On Farm Story - Farmers Weekly July 2019
The nation’s least worst farmers
by Luke Chivers
Banks Peninsula farmer and self-confessed radical Roger Beattie is never short of new ideas for the primary sector. Luke Chivers visited him to hear about some of the maverick’s pet projects.
On the south side of Banks Peninsula, where the wind gives the tussocks a permanent bend and the next stop is Antarctica, Roger Beattie is mustering his next big plan.
The wild sheep breeder, blue pearl and kelp harvester and would-be weka farmer wants to explain how unique foods and fibres can be produced by combining the diversity of nature with Kiwi can-do ingenuity.
He takes a bite of seeded slice, sips a freshly brewed tea and for a moment there’s silence.
“How do I put it? If someone says something’s black, I’ll say it’s white.
“I’ve long been a contrarian,” he laughs.
Not far from us, on the slopes of Kowhai Vale, one of three farms that Beattie owns in rolling-to-steep hill country across the water from Akaroa, live Pitt Island wild sheep.
It’s a breed he so admired while working on the Chathams he brought some home.
And now he has his clever scheme, one that pulls together the wild sheep and another of his great, slow-burning projects, wekas.
Beanies, scarves, gloves, socks as well as throws and blankets, a new category of high-end woollen products, are exploiting the unique properties of the Pitt Island fleece, which has a helical crimp and a twist that gives it great bounce and stretch.
“It’s amazing wool.
“It’s very light, it traps a lot of air, it’s so cosy, it doesn’t itch and it has a luxurious feel.
“We get it organically scoured at Washdyke, spun by Wild Earth Yarns in Christchurch and then knitted in Dunedin and the socks done in the North Island.”
They weigh two-thirds of Merino knitwear but they’re far warmer, made from 50% Pitt Island fleece, 30% Bohepe mid-micron wool, 20% possum fir and a small amount of nylon for strength, he says.
The brand, known as Wyld, features a logo of a wild horned ram. It was launched in 2016 targeting the main tourism towns. But the flagship product is the Weka Woo hat, a premium beanie with a feather pinned on it – a weka’s feather, naturally.
The weka is officially an at-risk species, Beattie says.
He has long contended with his antagonist, the Conservation Department, that farming weka commercially can save the species. In the public eye, he became that weka guy, the maverick, business-minded conservationist.
The maverick tag seems inevitable given his background.
His father, the late Doug Beattie, was another inventor, a Marlborough farmer who developed the first plastic insulator for electric fences and pioneered that industry.
Beattie and his brother Ivan now co-own the Christchurch business, Beattie Insulators.
Doug, left school early and it was the making of him, Beattie says.
“He had about 50-odd patents in his lifetime.
“We used to sell insulators to Gallagher. Really, we were in the electric fence insulators game before they were.
“In fact, after three days of trial and error my father developed insulators out of low-density polyethylene. He was the first person in the world to develop thick, sectioned polyethylene moulding.”
If his father set the tone for Beattie’s life of innovation, entrepreneurship and hard graft, the Chatham Islands was his finishing school.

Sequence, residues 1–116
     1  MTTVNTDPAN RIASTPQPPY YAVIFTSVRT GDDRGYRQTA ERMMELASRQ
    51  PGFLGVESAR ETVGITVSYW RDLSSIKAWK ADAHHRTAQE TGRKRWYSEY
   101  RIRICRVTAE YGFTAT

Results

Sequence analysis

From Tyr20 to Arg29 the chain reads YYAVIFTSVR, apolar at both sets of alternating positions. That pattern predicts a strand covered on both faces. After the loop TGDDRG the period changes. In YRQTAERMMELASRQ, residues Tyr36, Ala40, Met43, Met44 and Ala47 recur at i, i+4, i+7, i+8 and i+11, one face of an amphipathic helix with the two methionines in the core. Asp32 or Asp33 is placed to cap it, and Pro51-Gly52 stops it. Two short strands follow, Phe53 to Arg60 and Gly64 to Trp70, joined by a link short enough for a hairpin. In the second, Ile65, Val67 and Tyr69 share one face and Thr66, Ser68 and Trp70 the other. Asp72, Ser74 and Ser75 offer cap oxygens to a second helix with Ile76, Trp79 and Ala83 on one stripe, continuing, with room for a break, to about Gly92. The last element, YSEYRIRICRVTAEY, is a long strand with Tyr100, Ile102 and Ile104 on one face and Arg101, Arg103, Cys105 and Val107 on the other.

He moved there after a year of university studies – political science and economics in 1975 – to shear sheep.
From shearing, he went into the freezing works then possum hunting, paua diving, culling for the Wildlife Service and shearing for Pitt Island farmer Jim Moffett, where he was introduced to those wild sheep. In one year Beattie shot more than 1500, mostly from the back of a horse, and shore about 300 Romneys a day.
That was in 1976, the days of subsidies.
The more he culled, however, the more he admired the so-called pest.
“I learned a lot about stock, sheep, animals and nature just by spending a lot of time observing.
“I thought ‘By heck, these sheep are tough. They’re being hunted by man, they’re running on 3500 acres of land competing with bigger Romneys, cattle and pigs, a wild environment, and yet every single hogget has a lamb’. They had no dags, no fly strike, no foot or mouth problems. I decided I really needed to try to farm these sheep.”
Before he could pursue the idea, however, things on the Chathams suddenly went sour. A farming venture with his brother and friends crashed, leaving a pile of debt. So, he returned to paua diving.
“Getting back into paua coincided with the quota system coming back in so I was issued with a whole lot of quota. And because I could see the writing on the wall I bought a whole lot more. At one stage I was the single largest paua quota holder in New Zealand, with 34 tonnes.”
Eventually, he swapped diving for farming paua, exporting the meat to Asia and establishing NZ’s first ocean-based blue pearl farm at Whangamoe Inlet on the Chathams.
So, is he a conservationist or businessman?
Beattie favours the label environpreneur, which describes an entrepreneur who seeks to turn an environmental problem into a profitable venture.
Which brings us back to now.
Beattie and his wife, Nicki, a British doctor-turned-Kiwi farmer, first saw Kowhai Vale, a 322-hectare coastal property, in 1992 while looking for areas in which to establish a mainland-based paua farm. They later bought it as a place to release the wild sheep and do some hunting.
The first 10 wild sheep from the Chathams have, over time, become 3000, the largest Pitt Island wild sheep flock in mainland NZ, spread between Kowhai Vale and a 353ha certified organic property further down the peninsula at Lucas Bay while Bohepe are run on a 296ha block called Ataahua near Lake Ellesmere/Te Waihora.
The couple also own a 13ha inland lifestyle block at Lansdowne, Canterbury, home to the family’s flock of four generations of Pihepe sheep. The property is also used for intensive farming practices and experimental trials.